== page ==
What’s the hardest and warmest job? Caregiving. It hits you on so many levels: heart, home, head, back muscles, social life. It starts with a warm, caring heart for a loved one. The journey calls for thousands of adjustments big and small. Relationships change, navigating the medical maze taxes the brain and patience, attending to physical needs uses muscles you didn’t know you had, and the social isolation of it all adds to the challenge.
November is National Caregivers Month, a month dedicated to recognizing and appreciating the caregivers among us. That does not make the journey shorter, but it does put a spotlight on one of life’s biggest challenges. In the U.S., about one of every three adults cares for someone who is ill, disabled or aged. Chances are pretty high that you or someone you know is a caregiver. As baby boomers age, caregiving is the trend.
Caregiving can be checking on a friend or family member periodically to caring for a loved one 24 hours a day (some call it the 36-hour day), and everything in between. A friend or family member may need help with shopping, preparing food, transportation, housekeeping, laundry or medication. He or she may need help with feeding, dressing, bathing, reading mail or paying bills. Family caregivers provide emotional support in ways that only kin can do.
One of the biggest challenges is coordinating medical care, with all its dysfunctional disparate parts, and continually revising plans. Medications are a huge hurdle, with pills that look alike when they are different and look different when they are the same, changing prescriptions, and a dizzying array of interactions and side-effects.
AARP’s caregiving website aarp.org/caregiving offers tools and support to help you with the caregiving journey. In the chat room you can connect with other caregivers and pose your perplexing questions to the experts. Click on the link for “you know you are a caregiver if…” to enjoy a humorous video laughing at the surreal twists of caregiver life.
Help for caregivers comes in many forms. Home health nurses not only understand the health issues and medication, but can also assess the psychological and social needs and make recommendation for care and resources. Your employer may have an Employee Assistance Program or senior care management services. A local care manager may help you determine what you need, identify financial options, be the neutral counselor to help the person in need express her needs, and develop a plan of care. The many local agencies on aging, such as the Senior Resource Alliance or Area Agency on Aging can be resources. In some religious congregations, parish nurses help caregivers.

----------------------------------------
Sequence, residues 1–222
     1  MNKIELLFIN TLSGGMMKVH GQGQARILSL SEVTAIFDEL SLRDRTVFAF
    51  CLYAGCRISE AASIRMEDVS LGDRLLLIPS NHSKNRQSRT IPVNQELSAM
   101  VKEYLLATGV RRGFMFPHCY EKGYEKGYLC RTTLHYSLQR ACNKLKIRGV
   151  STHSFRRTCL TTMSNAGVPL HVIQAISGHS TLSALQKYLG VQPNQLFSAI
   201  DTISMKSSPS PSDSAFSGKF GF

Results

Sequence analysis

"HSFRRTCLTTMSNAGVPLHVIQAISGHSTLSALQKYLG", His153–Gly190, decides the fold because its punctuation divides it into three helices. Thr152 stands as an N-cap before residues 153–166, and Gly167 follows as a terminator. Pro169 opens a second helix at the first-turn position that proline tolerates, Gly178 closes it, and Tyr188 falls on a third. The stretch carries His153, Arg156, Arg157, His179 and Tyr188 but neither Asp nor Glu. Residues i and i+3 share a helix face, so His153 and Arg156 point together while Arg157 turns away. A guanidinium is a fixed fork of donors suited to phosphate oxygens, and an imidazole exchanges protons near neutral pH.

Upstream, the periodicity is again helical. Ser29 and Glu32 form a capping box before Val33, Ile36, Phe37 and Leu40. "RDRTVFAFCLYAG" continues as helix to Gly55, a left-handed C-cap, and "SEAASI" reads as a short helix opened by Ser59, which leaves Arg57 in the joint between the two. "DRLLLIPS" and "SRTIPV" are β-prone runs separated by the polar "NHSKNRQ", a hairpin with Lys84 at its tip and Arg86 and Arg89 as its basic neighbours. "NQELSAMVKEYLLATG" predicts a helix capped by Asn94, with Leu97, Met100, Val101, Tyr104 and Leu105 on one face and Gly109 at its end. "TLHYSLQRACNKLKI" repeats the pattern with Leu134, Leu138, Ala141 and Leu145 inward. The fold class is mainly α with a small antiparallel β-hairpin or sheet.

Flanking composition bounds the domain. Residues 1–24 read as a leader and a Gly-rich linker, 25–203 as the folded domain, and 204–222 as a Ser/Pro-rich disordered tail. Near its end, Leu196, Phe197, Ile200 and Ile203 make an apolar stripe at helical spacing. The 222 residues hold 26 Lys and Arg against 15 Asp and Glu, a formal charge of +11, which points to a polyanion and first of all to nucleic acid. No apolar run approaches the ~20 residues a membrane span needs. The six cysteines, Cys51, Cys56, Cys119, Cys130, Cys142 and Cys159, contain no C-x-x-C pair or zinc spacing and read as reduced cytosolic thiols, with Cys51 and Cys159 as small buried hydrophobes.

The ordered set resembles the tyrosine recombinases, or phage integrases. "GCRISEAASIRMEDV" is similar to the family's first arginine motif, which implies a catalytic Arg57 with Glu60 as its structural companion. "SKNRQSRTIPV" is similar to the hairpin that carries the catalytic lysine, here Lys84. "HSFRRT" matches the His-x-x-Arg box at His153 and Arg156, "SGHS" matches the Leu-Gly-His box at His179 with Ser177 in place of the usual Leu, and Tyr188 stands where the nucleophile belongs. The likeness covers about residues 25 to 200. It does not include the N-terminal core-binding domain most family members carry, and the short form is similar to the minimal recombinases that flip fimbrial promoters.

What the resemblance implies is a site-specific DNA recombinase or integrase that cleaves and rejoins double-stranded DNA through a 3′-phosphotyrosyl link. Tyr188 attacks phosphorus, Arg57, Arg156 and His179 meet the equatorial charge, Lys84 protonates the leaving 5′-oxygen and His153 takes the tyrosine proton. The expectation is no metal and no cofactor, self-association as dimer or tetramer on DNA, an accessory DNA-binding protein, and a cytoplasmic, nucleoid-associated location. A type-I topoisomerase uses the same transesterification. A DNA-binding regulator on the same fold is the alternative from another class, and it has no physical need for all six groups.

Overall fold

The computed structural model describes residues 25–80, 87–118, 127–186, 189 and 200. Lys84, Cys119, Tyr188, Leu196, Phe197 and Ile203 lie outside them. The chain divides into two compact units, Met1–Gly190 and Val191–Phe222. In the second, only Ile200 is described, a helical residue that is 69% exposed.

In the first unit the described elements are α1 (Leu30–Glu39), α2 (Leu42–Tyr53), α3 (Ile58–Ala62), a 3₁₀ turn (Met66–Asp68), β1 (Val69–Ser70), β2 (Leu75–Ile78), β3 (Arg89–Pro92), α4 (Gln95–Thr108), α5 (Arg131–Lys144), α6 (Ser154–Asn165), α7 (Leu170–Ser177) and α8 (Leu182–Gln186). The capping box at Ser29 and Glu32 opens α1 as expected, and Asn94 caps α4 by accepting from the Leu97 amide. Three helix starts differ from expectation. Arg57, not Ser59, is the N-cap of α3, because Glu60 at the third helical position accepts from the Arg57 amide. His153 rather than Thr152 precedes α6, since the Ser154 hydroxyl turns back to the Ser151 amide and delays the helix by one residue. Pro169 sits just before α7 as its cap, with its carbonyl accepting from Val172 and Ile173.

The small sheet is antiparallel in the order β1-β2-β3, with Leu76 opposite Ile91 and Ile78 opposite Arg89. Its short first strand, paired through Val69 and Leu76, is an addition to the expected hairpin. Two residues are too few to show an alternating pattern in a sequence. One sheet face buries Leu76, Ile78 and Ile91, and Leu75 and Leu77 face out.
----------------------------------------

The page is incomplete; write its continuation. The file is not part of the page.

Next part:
Working at a job and caring for someone else is a tricky balancing act. One of Bill Clinton’s legacy legislative successes is the Family Medical Leave Act (FMLA). Based on the premise that no American should have to choose between caring for family and keeping his job, FMLA provides job protection to caregivers who may be off the job for up to 60 days in a year in order to care for a family member. Not everyone is eligible for this benefit, but it is worth investigating your options.
If you are a caregiver, you have to find a way to be your healthiest. The extra hours, emotional ups and downs, pressures and responsibility take a toll, but an unhealthy caregiver can’t help others as well. You need to be sure to well, get enough exercise and sleep, have some outside social interaction, and find your joy. Caregivers also need a buffer from unhelpful or even hostile family members. Keep your focus on the person who needs the care and on your own health.
Each person and each family is unique, with unique combinations of needs and resource. We are all connected as humans and need one another; caregiving is natural for many of us. Caregiving can also be its own reward. What can be more fulfilling and meaningful than helping someone you care about?